By Rachel Hertzberg, Staff Writer
In Haverford College’s Multicultural Center on Friday, Feb. 2, the poet Sparrow gave a talk entitled “Agility in the Age of Trump: Can Poetry Save Us?”
As the room filled up, Sparrow played an improvisational piece on the piano, and students, faculty, and community members settled in for an entertaining and eccentric afternoon.
Sparrow, described on his Wikipedia page as an “American poet, activist, musician, and rabble-rouser,” had given a poetry reading the previous night. Glancing at the assembled audience for his lecture, he noticed returning faces, calling them “repeat offenders.” The tone of his address continued in this self-deprecating and humorous manner.
After an introduction by Haverford English professor Thomas Devaney, Sparrow began the program with a short solo on the flutophone, a recorder-like instrument. Then, standing shoeless in front of the microphone, he launched into his prepared remarks. His address was short, but covered a variety of topics such as the power of yoga, his own past as a biology student at Cornell, and the legacy of the Occupy Wall Street movement.
Sparrow admitted that he could not speak to whether poetry could act as a protective force against the recent political climate. Instead, he offered some ideas on the nature of the current administration. He suggested that Donald Trump can be viewed as a trickster, the shapeshifting agent of chaos present in the mythologies of many cultures. Some people, he explained, might respond to a trickster by becoming tricksters themselves. Others might go the opposite direction and turn to steady, mature governance in attempt to counteract the trickster. Sparrow was optimistic that these two approaches could constitute a resistance movement that could eventually defeat Trump’s ideology, although it might take a number of years.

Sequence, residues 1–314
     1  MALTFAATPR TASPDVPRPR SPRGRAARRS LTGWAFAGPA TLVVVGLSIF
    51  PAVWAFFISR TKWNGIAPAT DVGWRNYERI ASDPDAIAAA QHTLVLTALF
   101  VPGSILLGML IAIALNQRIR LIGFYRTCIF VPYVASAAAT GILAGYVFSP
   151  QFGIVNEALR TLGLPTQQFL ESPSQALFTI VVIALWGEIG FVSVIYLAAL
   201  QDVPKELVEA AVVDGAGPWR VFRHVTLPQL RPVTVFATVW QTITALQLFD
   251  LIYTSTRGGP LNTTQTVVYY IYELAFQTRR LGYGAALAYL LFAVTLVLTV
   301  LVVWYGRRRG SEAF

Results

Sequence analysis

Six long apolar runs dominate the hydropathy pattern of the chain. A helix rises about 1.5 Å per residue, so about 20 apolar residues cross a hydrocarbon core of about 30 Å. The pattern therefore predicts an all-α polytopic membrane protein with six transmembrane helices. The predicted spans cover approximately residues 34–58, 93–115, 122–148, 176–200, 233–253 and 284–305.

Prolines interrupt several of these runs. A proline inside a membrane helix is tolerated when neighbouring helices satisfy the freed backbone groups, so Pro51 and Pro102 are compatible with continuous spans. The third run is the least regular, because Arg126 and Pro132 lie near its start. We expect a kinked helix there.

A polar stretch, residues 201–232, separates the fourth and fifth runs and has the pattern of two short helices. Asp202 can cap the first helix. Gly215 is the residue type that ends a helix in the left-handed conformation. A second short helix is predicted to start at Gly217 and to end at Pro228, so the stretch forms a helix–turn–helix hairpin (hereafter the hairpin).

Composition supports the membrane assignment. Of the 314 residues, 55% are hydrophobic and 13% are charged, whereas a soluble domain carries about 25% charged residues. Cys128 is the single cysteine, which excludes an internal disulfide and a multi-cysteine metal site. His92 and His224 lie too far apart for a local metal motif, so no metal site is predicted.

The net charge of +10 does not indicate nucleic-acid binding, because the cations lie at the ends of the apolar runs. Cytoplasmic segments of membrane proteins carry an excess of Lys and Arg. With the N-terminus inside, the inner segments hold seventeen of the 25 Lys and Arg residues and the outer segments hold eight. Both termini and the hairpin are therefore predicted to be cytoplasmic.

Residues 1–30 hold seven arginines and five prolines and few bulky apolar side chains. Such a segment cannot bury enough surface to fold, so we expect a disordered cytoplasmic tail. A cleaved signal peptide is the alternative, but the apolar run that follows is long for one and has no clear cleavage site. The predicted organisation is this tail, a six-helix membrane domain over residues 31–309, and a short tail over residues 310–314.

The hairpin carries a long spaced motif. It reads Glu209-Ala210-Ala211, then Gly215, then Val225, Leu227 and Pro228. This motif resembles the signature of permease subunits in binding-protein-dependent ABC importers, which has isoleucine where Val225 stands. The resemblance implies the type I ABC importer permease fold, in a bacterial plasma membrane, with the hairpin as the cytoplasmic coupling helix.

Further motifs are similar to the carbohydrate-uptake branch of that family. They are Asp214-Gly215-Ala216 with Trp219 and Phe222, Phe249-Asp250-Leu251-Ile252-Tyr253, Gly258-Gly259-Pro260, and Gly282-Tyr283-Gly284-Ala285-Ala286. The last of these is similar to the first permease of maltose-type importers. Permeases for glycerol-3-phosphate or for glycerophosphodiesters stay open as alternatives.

Sparrow then offered a second mythological reading of Trump’s rise to power. Contrary to those who have called for the media to deny Trump the attention he is seeking, Sparrow said that it is unproductive to ignore or turn away from the situation. Instead, those who seek change must imitate the Greek hero Perseus. Perseus slayed the gorgon Medusa by viewing her only through a reflective shield, and in this way avoided being turned to stone. Similarly, Sparrow urged his audience to “turn away our souls from the vampiric power of Mr. Trump,” and forge ahead while refusing to be corrupted by fear. Sparrow concluded his talk by advising the audience to be brave enough to write bad poetry.
After the talk, Sparrow read a series of brief, “Collected Trump poems,” which he has been writing since around 2008. Many were just a single sentence or phrase; they were by turns hilarious, bitter, profane, and thoughtful. They dealt with themes such as racism, violence, capitalism, and even what Sparrow seems to see as a uniquely American refusal to acknowledge history.
The afternoon concluded with a lengthy question and answer session. As Sparrow put it, “No one should ever give me a microphone…I’m like a talk show host, full of opinions to foist on anyone.” Although Sparrow’s answers had little connection to the questions asked, they were delightful to listen to, full of digressions and stories of his life as a poetic rebel. A question about how to deal with Trump supporters led to a sprawling story about Sparrow’s visit to the Women’s March, which involved a cat, a defrocked priest, and two born-again Christians who offered a blessing to his daughter over the telephone. In a different tangent, Sparrow pushed back against the popular idea of Trump as a narcissist, suggesting that a narcissist would not be able to channel and imitate the energies of a crowd.
Overall, the lecture was not so much as primer on survival in the age of Trump, but rather an opportunity to hear the unique perspectives of someone who has been fighting and speaking out for much longer than the average college student has been alive.